Southwest Conference

Texas

Texas A&M

Texas Tech

TCU

Arizona

Arizona State

Utah

Houston

There used to be a Southwest Conference, that was essentially partially disbanded because everyone kept cheating. I’m sure it’ll go much better this time! I had Baylor in here previously, but fuck them. They’re at the kitty tables in my pretend realignment scenario. And as long as Tom Herman’s at Houston, they’re probably winning this at least for the next year or two.

Big 10 minus the really shitty teams

Iowa

Northwesterm

Wisconsin

Minnesota

Ohio State

Michigan

Michigan State

Indiana

Bored with this one? Yeah, me too. Lets move on to one even worse.

Big East

Boston College

Cincinnati

Pitt

West Virginia

Navy

Penn State

Syracuse

Notre Dame

Not wanting to be in the Big 10 FINALLY catches up to Notre Dame! Enjoy Morgantown guys! If we wanted to get Top Tier down to 50, I think a lot of teams in this group are porked… Syracuse/Rutgers/BC are all sort of interchangeably horrible at the moment. I just went with my guy and left New Jersey out of the equation.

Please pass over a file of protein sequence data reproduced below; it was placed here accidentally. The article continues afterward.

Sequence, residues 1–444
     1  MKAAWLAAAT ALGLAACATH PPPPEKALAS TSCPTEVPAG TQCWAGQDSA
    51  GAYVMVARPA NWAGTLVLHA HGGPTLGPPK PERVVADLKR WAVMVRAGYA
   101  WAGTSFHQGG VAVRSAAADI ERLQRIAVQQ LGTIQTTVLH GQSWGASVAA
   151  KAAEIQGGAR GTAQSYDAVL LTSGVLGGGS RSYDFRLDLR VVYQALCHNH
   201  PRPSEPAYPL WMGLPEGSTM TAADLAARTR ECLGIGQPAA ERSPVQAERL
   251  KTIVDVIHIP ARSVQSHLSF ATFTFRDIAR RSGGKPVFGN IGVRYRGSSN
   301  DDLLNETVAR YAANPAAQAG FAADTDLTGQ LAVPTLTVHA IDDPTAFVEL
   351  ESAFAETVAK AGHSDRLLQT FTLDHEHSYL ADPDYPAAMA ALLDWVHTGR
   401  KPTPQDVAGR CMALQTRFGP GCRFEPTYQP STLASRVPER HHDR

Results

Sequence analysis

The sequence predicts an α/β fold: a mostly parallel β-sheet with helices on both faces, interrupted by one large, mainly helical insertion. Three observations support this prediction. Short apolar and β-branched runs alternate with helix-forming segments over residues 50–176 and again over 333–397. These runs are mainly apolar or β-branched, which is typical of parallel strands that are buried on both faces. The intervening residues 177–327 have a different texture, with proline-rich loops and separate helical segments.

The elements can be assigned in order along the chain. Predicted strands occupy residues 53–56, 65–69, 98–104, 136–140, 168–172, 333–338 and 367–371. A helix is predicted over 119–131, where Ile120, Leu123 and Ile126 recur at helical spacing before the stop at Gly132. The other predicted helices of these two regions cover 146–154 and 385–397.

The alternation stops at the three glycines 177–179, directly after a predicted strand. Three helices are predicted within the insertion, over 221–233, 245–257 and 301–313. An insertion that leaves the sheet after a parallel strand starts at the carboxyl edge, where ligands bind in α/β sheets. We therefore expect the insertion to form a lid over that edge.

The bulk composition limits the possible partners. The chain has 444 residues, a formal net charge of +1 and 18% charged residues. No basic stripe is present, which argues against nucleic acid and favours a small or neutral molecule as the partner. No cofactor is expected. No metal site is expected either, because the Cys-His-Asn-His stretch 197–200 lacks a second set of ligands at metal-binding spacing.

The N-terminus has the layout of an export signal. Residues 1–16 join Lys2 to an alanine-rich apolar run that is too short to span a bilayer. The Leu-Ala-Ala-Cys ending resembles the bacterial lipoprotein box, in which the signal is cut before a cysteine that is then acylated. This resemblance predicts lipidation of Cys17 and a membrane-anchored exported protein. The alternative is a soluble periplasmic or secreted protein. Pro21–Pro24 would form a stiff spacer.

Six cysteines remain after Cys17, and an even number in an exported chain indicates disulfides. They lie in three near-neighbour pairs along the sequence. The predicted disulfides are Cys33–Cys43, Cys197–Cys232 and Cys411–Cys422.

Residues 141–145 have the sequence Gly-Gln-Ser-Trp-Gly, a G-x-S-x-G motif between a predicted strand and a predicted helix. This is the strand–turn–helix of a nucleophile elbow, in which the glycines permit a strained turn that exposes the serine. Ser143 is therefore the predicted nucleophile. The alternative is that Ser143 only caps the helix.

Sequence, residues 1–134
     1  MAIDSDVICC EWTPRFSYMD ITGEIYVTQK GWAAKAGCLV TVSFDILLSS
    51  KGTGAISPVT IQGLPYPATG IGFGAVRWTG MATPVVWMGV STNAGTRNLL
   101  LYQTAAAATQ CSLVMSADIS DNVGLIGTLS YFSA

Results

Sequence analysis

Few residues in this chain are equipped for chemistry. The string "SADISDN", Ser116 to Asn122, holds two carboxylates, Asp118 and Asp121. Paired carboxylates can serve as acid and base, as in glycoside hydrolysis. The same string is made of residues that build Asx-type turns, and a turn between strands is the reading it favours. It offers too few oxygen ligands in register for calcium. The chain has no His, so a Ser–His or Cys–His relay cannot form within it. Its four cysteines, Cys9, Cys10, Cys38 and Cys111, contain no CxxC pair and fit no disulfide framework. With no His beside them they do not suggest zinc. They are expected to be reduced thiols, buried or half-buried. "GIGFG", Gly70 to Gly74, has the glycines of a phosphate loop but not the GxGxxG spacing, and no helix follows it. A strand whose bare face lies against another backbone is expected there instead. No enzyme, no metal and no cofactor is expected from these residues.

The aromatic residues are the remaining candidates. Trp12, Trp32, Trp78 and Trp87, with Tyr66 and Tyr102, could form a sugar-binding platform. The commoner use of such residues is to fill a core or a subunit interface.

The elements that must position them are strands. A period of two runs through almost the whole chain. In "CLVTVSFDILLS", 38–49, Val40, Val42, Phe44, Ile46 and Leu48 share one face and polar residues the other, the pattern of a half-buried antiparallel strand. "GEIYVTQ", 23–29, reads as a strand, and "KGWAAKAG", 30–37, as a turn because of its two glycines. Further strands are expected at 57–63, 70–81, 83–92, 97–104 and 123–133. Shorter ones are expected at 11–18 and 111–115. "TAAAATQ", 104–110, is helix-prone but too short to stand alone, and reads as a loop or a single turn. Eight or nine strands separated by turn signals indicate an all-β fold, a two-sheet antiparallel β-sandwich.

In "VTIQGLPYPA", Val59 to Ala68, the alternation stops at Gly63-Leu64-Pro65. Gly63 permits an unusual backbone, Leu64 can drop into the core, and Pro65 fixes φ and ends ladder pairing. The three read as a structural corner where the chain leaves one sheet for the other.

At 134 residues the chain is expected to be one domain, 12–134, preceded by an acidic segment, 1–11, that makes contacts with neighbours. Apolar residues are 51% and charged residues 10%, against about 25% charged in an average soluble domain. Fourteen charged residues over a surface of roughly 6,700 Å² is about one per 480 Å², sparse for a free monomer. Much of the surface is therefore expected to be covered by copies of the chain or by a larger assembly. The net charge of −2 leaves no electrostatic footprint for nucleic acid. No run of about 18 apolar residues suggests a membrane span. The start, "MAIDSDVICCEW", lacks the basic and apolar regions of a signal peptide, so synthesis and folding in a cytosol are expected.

ACC

Virginia

Virginia Tech

North Carolina

NC State

Duke

Clemson

Georgia Tech

Maryland

Sure you could argue Virginia Tech isn’t a historical ACC team. But geography. And we’ve won it more times then most teams that have been in its inception in the 50's, and its my list damn it!

SEC, or Diet Racism

Kentucky

Tennessee

Louisville

Georgia

Florida

Florida State

Miami

South Carolina

I know I said I wanted to keep schools in the same state together, but I feel like all parties in GA and SC are happier being on different sides of the fence. Putting the big 3 Florida schools together makes this one a potential annual grinder. But hey, Mark Richt playing UGA every year :)

Bible Belt, or Racism Classic

Vanderbilt

Ole Miss

Mississippi State

Louisiana State

Roll Tide

Auburn

Arkansas

Memphis

Originally had A&M here and Vandy out. But Baylor happened, A&M really belong with the other Texas teams, and Vandy shouldn’t bitch about where they are — should just be happy they’re here — for now…

Who’s out among the current Power 5?

Wake

Kansas

Rutgers

Illinois

Perdue

Cal

Who’s up from the Other 5?

Boise State

Navy

Houston

Memphis

Cincy

NDSU

So there you go, college football fixed. Except for Baylor.

-Bic